Configuring PHP ini Settings in ZF2

Configuring PHP ini Settings in ZF2

Spoiled by the ease with which it was possible to configure the PHP ini directives in Zend Framework 1 (in application.ini) I was hoping for a similar facility in ZF2. As far as I know, there is none (as of Beta 4). The remedy is easy though.

This post has been updated to reflect the changes in Zend Framework 2 Beta 4

The task

We want to be able to configure the PHP ini settings in our ZF2 application, integrate the process naturally into the application workflow and use the existing configuration infrastructure (i.e. merging of configuration files, global / local overrides, etc.). Let’s build a ZF2 module for this!

The module

We should rather say ‘a mini-module’ as it really needs just a single file – Module.php. Let’s call this module PhpSettings. Here is its Module class:

<?php
namespace PhpSettings;

use Zend\EventManager\Event;

class Module
{
    /**
     * Configure PHP ini settings on the bootstrap event
     * @param Event $e
     */
    public function onBootstrap(Event $e) {
        $app         = $e->getParam('application');
        $config      = $app->getConfiguration();
        $phpSettings = $config['phpSettings'];
        if($phpSettings) {
            foreach($phpSettings as $key => $value) {
                ini_set($key, $value);
            }
        }
    }

    /* The getAutoloaderConfig() and getConfig() methods are left out here
       for brevity, as they are completely standard.
     */
}

The public method onBootstrap() is automatically recognized as a bootstrap event listener (a new feature in Beta4 – in Beta3 we had to register the listener in the init() method manually). It retrieves the configuration and iterates over its phpSettings entries passing them to the standard PHP ini_set() function.

Do not forget to enable your new module in your /config/application.config.php.

Configuration

The only thing left is to let our module know what directives we want to set. Just place phpSettings key into a configuration file and put all required PHP ini directives as its subkeys. You can find the list of all available PHP ini directives in the PHP docs.

You should follow the global/local concept of ZF2 configuration. NOTE: The naming of the default global / local configuration files changed in Beta4 – the ‘config’ part of the file name has been omitted. Watch out for this if your good old config files in the autoload directory stopped working after migration to Beta4.

Place your global environment agnostic options into global configuration files (e.g. /config/autoload/module.DluPhpSettings.global.php). These files will be included in your VCS. Here is an example of a global configuration:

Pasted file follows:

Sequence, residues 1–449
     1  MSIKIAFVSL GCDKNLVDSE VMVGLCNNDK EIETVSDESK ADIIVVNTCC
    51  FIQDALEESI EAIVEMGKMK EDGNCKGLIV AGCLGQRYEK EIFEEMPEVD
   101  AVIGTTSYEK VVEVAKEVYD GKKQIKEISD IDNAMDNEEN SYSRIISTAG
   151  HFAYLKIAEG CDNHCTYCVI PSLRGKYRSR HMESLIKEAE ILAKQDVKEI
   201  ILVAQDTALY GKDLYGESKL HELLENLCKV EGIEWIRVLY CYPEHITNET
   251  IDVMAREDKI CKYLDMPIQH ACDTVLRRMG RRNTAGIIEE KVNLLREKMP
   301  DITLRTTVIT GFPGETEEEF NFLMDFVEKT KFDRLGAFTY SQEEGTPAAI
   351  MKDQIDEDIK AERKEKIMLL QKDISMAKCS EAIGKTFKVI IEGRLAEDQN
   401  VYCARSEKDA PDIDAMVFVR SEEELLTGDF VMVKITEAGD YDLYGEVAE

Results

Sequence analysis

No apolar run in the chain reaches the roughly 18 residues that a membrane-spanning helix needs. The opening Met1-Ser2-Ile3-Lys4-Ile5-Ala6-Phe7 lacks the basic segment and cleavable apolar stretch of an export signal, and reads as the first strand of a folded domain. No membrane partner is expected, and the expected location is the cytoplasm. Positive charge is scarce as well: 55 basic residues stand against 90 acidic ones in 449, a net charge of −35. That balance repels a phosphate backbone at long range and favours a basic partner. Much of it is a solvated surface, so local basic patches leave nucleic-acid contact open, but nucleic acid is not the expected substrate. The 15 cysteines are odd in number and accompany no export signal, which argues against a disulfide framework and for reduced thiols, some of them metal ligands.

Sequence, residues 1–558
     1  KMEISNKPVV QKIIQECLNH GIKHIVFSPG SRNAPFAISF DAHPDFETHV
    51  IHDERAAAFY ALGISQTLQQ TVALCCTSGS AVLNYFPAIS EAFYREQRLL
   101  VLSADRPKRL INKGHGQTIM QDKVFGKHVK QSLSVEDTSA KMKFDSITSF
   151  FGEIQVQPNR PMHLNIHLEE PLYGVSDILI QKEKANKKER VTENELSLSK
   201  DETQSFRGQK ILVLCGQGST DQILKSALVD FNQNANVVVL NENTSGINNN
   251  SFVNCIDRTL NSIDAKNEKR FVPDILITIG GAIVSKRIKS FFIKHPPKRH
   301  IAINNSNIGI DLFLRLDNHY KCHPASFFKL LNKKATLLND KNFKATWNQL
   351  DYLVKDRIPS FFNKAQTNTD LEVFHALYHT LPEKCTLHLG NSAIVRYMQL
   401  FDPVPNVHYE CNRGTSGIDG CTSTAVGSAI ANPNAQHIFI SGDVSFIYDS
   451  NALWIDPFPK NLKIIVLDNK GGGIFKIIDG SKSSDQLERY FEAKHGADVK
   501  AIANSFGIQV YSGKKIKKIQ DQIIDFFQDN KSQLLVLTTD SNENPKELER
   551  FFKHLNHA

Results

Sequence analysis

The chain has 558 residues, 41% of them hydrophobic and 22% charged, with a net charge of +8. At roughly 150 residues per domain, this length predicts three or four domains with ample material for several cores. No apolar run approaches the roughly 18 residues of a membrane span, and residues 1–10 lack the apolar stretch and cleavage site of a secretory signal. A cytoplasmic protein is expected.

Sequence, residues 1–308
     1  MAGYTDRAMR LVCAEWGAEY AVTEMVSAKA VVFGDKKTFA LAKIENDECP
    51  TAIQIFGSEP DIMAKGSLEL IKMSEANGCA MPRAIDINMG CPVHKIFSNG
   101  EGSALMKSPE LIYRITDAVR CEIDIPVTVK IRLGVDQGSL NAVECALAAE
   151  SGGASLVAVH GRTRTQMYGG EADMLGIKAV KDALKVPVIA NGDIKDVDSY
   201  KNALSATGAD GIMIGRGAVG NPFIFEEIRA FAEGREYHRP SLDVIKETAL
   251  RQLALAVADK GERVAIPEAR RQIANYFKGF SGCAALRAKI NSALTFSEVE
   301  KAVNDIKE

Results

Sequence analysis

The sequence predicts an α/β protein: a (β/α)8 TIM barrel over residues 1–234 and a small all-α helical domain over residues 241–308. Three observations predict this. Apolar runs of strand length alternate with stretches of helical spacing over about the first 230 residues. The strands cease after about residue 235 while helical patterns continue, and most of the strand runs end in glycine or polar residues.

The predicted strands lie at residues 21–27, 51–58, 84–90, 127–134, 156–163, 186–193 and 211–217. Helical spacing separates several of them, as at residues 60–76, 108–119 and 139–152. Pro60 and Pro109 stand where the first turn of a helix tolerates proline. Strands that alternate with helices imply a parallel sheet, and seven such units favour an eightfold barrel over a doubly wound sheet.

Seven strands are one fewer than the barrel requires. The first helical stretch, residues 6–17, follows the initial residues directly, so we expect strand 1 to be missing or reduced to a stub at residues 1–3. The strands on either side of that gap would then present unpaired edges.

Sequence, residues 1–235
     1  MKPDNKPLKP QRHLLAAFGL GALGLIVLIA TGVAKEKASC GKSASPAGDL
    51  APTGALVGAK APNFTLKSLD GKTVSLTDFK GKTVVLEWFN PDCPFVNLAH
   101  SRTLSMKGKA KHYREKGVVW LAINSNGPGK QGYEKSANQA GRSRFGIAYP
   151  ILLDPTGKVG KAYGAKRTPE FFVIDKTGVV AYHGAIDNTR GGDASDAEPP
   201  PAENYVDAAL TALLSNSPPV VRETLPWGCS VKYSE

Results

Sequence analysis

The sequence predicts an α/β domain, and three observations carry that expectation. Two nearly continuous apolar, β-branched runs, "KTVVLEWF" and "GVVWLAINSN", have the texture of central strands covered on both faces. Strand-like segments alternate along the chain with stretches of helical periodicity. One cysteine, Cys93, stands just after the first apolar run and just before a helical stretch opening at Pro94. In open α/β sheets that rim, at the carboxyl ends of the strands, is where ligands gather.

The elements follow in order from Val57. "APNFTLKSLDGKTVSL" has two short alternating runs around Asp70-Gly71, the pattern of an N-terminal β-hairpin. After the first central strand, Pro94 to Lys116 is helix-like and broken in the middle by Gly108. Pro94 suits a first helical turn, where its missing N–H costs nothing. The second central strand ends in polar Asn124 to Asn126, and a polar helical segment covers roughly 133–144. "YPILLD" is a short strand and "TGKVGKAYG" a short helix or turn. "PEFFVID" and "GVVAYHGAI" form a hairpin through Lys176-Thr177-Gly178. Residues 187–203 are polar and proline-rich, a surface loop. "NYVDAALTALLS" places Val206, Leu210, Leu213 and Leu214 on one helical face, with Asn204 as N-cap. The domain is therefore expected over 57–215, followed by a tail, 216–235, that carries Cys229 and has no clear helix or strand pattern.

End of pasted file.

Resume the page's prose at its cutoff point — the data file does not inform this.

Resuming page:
<?php
/**
 * My Global Configuration
 * /config/autoload/module.DluPhpSettings.global.php
 *
 * You can use this file for overridding configuration values from modules, etc.  
 * You would place values in here that are agnostic to the environment and not 
 * sensitive to security. 
 *
 * @NOTE: In practice, this file will typically be INCLUDED in your source 
 * control, so do not include passwords or other sensitive information in this 
 * file.
 */

return array(
    'phpSettings'   => array(
        'display_startup_errors'        => false,
        'display_errors'                => false,
        'max_execution_time'            => 60,
        'date.timezone'                 => 'Europe/London',
        'mbstring.internal_encoding'    => 'UTF-8',
    ),
);

Your environment specific or sensitive information should go into local configuration files (e.g. /config/autoload/module.DluPhpSettings.local.php). Values in these files override the global configuration and they are excluded from the version control by default (if you are using the Zend Skeleton Application).

Here is an example of a local configuration present on a developer’s machine. It overrides some values from the global configuration:

<?php
/**
 * My Local Configuration (Development)
 * /config/autoload/module.DluPhpSettings.local.php
 *
 * This configuration override file is for overriding environment-specific and
 * security-sensitive configuration information.
 *
 * @NOTE: This file is ignored from Git by default with the .gitignore included
 * in ZendSkeletonApplication. This is a good practice, as it prevents sensitive
 * credentials from accidentally being comitted into version control.
 */

return array(
    'phpSettings'   => array(
        'display_startup_errors'        => true,
        'display_errors'                => true,
        'max_execution_time'            => 600,
    ),
);

Conclusion

We have created an ultra simple module which cleanly sets the PHP environment for our application. If you do not feel like coding even the single class needed for this module, you can download the DluPhpSettings module from my git repository.

How do YOU configure your PHP environment in your ZF2 applications? Let me know.